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 Forecasting America's Destiny ... and the World's


Generational Dynamics Web Log for 25-Jul-07
Deals are collapsing as financial managers can no longer "make money"

Web Log - July, 2007

Deals are collapsing as financial managers can no longer "make money"

New York stocks fell 1.5-2% on Tuesday, as "Mean Reversion" stunts earnings growth.

As second quarter earnings come in, it's becoming apparent that the Law of Mean Reversion is finally beginning to apply to earnings growth.

As I wrote in a 2005 article called "The 11% Solution," over the long term, corporate earnings grow at the rate of 11% per year. But since the mid-1990s, earnings growth has averaged about 18%. By the Law of Mean Reversion, that means that we have to have an equal number of years of near-zero earnings growth, to maintain the long-term average.

That was in 2005, but earnings growth averages have stayed in double-digits -- until this year. For the first quarter, earnings grew around 7%. We're now getting second quarter earnings announcements, and it appears that they're going to be averaging around 3%.

Leading the way in bad news was Countrywide Financial Corp., whose second-quarter profits were down 33%, because of surging mortgage foreclosures.

It's the double-digit earnings growth that investors used to buy more stocks, even though price/earnings indexes have been way above average since 1995.

But that wasn't the only thing to spook investors on Tuesday.

We have discussed currencies much lately, but it's worth pointing out that that the dollar has been falling rapidly on international markets. It's at its lowest level ever against the euro, and at a 26-year low against the British pound.

Let me just pause for a moment to discuss the two meanings of the word "inflation." If you read the papers, all that anyone seems to worry about is whether there's too much inflation, since too much inflation means that the Fed will have to raise interest rates, and that will make it harder to borrow money.

Actually, inflation is that big a problem. My prediction in 2003, based on long-term forecasting techniques, was that the Consumer Price Index (CPI) was at a secular high and that prices would fall by 30% by the 2010 time frame. That's still my prediction today, based on the scenario that an inevitable stock market crash and financial crisis will cause massive deflation.

This should hardly be a surprise, especially if you look at Japan. When their secular financial crisis and stock market crash began in 1990, prices started falling, and they experienced deflation for many years.

People only started seriously worrying about inflation during the so-called "Great Inflation of the 1970s." Even this phrase is something of a joke, because it parallels the "Great Depression of the 1930s." In the 1940s-70s, mainstream economists and pundits used to worry about a repeat of the Great Depression. Now they've decided that that can't ever happen any more, and they worry about inflation, and a repeat of the 1970s.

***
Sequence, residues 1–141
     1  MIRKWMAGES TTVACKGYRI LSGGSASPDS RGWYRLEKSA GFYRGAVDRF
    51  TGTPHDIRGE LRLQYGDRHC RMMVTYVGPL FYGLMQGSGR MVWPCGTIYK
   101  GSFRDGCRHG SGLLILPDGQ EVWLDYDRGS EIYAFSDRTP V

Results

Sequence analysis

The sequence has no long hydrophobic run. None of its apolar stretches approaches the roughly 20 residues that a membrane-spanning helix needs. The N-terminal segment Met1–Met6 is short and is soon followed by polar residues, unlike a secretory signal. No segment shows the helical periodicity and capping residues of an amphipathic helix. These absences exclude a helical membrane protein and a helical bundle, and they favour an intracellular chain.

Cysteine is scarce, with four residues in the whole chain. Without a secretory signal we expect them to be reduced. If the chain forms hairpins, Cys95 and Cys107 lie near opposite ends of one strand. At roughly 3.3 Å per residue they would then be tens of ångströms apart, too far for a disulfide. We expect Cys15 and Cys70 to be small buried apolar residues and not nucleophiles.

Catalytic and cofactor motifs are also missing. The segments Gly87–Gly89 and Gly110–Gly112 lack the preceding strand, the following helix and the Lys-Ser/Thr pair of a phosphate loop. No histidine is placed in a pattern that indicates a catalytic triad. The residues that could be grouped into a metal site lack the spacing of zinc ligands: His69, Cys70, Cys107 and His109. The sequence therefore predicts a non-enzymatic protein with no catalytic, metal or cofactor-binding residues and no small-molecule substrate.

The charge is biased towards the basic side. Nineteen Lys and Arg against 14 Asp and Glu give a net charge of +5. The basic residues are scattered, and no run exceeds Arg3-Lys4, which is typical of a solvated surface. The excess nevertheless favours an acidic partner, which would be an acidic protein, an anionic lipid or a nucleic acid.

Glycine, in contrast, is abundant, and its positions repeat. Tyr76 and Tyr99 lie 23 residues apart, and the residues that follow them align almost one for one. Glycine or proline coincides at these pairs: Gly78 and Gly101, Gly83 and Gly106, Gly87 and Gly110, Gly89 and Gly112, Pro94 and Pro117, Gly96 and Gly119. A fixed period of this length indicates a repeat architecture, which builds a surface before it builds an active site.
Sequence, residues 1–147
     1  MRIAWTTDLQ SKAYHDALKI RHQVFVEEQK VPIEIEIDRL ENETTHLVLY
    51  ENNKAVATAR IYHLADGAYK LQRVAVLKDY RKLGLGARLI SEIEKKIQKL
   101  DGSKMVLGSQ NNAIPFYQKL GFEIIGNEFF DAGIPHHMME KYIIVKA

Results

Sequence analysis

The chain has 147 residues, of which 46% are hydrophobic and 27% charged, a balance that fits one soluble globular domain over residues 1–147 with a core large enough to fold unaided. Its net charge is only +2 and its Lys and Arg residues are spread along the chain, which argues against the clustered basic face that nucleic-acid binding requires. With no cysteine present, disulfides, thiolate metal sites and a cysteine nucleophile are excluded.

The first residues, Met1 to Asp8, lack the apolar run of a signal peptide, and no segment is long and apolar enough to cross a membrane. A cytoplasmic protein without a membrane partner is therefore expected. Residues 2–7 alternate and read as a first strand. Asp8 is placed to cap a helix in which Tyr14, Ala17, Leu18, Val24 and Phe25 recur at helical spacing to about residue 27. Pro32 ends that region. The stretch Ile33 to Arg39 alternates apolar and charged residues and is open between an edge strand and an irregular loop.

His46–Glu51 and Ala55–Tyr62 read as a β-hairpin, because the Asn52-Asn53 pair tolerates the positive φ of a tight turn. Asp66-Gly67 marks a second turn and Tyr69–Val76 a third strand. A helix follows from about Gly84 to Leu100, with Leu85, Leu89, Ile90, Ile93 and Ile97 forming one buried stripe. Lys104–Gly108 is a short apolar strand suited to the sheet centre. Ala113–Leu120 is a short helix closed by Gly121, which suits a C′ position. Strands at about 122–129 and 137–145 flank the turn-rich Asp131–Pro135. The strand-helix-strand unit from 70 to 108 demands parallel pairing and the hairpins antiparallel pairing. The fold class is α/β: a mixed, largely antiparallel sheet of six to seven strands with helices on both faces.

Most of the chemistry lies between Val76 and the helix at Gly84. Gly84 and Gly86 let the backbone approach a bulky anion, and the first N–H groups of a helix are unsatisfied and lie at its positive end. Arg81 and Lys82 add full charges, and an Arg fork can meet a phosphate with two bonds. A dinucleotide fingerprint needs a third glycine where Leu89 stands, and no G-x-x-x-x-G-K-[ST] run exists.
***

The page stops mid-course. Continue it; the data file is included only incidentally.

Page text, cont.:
But it's easy to see that that concern is misplaced. Look at our experience since 2001. The Fed kept interest rates close to zero for several years. Mainstream macroeconomic theory, based on the 1970s experience, predicts that near-zero interest rates should have caused high inflation and a burst of new employment for several years. Instead, inflation has been extremely low, and unemployment has remained stubbornly high.

However, there are two different kinds of "inflation": Domestic inflation is measured by the CPI, and the international inflation is the value of the dollar against other currencies.

Mainstream macroeconomic theory says that these two measures of inflation should remain roughly synchronized. But they haven't.

The domestic inflation rate, as measured by core CPI, has been very low, almost deflationary. Internationally, the value of the dollar has been falling, which is an inflationary measure. The fact that these two measures have been going in different directions is another example of the failure of mainstream macroeconomics to predict or explain anything since 1995, and why it's necessary to integrate classical System Dynamics into macroeconomic models.

So the falling value of the dollar in international currency markets is another reason why investors are getting spooked.

But the third reason is at least equally worrying: The continued collapse of the market for credit derivatives -- especially "collateralized debt obligations," or CDOs.

You may recall that last year I told you how hedge fund managers "make money" -- and I mean that literally -- they actually create new money. Briefly, they start up a new hedge fund, based on underlying assets of any kind whatsoever, and then bid up the price of the hedge fund shares so that they're worth many times more than the value of the underlying assets. In essence, the hedge fund manager is "making money" -- literally, as if he had a printing press. The hedge fund shares can now be traded at their inflated values, so in some circles they're as good as money.